If you spend a lot of time online, you’re probably aware of phishing scams and know what to look out for. In other words, you’re not one of those ignorant types who clicks on links and starts entering personal information without hesitation. Writer and blogger Cory Doctorow is what you might call hyper-vigilant–he keeps unique passwords, uses a VPN when going online in public, and generally knows not to trust strangers. Still, he got phished a couple of weeks ago. [More]
Since 2007, the FBI and authorities in Egypt have been running an investigation they’ve called “Operation Phish Phry,” sigh, and this week it paid off with 53 charges against U.S. defendants and 47 against people in Egypt. Three of the 53 in the U.S. have been arrested, and the FBI are looking for the other 50. To prove you’re not one of the remaining 50, please send the FBI your login credentials to your bank. Ha ha, we kid.
PC World notes that phishers are now targeting Steam account holders. Games are an easy target because you can make quick money off of them and the security isn’t as high as with, say, credit cards. The site that first reported this, SpywareGuide, demonstrates two examples—steamgift.com and steamverification.com—that will attempt to trick you into giving them access to your digital library of games.
Phishing attacks are pretty cleverly designed, because they skip most virus checkpoints altogether and go for the true weak spot in human-computer interaction, the human. Lorrie Faith Cranor, a computer security researcher at Carnegie Mellon University, has been studying phishing attacks to identify new ways to fight them.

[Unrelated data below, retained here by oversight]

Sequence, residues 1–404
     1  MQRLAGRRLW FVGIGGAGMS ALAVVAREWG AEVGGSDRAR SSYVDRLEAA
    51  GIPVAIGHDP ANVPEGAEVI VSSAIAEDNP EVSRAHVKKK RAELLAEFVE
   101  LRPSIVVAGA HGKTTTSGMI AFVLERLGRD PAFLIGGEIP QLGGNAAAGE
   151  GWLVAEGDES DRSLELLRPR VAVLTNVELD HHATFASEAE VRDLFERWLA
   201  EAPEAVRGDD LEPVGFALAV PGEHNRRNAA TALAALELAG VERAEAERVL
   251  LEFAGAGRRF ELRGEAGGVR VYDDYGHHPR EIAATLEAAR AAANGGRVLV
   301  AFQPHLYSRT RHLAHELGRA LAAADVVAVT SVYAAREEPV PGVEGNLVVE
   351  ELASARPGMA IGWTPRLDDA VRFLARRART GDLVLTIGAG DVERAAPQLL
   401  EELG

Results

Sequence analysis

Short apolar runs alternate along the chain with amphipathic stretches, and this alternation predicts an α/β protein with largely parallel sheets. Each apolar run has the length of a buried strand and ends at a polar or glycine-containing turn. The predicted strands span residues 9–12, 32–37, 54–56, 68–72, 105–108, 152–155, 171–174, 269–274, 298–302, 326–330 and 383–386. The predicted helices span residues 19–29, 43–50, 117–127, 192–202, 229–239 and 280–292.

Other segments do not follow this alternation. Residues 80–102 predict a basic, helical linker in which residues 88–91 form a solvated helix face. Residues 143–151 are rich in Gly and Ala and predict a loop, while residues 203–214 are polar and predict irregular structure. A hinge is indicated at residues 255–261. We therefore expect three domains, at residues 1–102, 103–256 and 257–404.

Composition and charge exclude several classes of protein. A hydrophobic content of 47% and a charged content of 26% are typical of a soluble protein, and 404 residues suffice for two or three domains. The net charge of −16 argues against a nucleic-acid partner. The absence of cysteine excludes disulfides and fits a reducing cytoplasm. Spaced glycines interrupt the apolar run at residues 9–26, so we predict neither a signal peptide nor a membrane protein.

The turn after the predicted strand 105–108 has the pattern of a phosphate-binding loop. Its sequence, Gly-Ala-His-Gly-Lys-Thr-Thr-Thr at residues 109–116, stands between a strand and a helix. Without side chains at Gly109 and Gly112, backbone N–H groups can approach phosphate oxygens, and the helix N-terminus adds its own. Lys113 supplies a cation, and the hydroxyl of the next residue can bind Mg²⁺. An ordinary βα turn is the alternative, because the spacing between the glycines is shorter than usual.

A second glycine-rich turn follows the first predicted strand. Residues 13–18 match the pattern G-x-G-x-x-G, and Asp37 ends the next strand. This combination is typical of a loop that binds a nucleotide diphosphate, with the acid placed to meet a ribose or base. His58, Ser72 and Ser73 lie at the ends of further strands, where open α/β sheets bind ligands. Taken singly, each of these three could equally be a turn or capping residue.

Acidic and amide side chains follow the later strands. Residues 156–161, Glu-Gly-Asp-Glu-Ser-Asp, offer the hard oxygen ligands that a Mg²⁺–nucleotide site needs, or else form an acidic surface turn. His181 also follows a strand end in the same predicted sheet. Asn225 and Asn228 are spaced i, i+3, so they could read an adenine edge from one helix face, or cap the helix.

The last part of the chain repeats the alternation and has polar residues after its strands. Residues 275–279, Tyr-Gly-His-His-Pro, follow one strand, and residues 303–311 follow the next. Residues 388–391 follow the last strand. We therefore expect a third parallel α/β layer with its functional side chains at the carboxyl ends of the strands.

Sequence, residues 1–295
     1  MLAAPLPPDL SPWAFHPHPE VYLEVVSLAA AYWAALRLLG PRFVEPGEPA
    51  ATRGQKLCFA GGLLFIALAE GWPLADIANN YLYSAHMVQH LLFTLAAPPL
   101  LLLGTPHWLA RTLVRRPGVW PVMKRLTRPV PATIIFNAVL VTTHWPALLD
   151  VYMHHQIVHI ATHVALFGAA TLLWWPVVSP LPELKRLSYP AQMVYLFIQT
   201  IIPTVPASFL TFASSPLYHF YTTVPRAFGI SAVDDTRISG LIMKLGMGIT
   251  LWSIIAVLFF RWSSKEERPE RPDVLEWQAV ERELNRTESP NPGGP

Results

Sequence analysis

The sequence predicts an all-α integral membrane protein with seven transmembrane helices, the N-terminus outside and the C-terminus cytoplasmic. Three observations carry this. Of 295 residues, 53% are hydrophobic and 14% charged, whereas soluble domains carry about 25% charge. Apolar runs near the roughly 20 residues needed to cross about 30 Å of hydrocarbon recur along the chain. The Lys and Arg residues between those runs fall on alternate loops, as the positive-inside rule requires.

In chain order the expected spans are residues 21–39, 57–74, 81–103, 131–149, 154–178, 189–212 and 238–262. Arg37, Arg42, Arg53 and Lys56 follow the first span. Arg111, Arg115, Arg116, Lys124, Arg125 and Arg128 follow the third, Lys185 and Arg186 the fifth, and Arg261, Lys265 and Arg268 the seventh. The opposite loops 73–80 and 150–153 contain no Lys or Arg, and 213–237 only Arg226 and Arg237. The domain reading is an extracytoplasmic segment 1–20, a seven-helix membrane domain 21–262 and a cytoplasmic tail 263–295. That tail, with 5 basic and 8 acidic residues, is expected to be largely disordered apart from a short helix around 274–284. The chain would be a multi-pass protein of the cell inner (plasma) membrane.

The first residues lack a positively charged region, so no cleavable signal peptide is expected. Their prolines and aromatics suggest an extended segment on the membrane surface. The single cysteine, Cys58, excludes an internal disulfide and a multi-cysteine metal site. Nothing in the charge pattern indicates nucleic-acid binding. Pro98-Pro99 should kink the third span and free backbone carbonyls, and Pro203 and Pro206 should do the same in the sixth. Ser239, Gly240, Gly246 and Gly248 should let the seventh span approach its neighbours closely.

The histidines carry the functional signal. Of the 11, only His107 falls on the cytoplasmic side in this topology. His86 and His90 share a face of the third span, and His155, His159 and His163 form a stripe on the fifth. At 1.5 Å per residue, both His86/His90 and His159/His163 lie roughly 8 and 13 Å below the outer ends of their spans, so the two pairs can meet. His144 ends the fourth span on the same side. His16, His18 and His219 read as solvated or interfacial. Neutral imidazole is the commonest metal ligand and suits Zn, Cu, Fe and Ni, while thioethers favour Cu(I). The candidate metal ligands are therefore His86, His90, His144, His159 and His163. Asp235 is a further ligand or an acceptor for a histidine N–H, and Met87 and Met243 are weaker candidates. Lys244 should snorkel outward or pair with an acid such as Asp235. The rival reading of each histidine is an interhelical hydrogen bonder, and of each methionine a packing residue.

The various takeovers and mergers in the financial fallout give phishers a new opportunity to try to scam you into giving over your bank account warns the FTC. As most of you know, any unexpected email message that looks like it came from a financial institution, asking you to “update,” “validate,” or “confirm” your account information is invariably a scam. Unwitting victims are redirected to a login site that looks like it’s for their bank, but is really just a way to steal your account logins and/or personal information for use in further identity theft. Here’s the FTC’s tips for getting “hooked” by the “phishers” (gotta love it when the Feds pun)…
Phishers have a new target: your Google Calendar. Nigerian-419-type scammers are spamming sending their messages as meeting invites on people’s Google’s Calendars. This happened to me a few days ago. One way to combat it is to change the “Automatically Add Invites To My Calendar” setting from Yes to No.
Oh, this is just classic. Phishers are now trying to capitalize on the PIN block crisis.
Dan writes in a story of a lady pretending to be Capitol One and asking for his social security information. The callerID showed up as a number registered to Capitol One.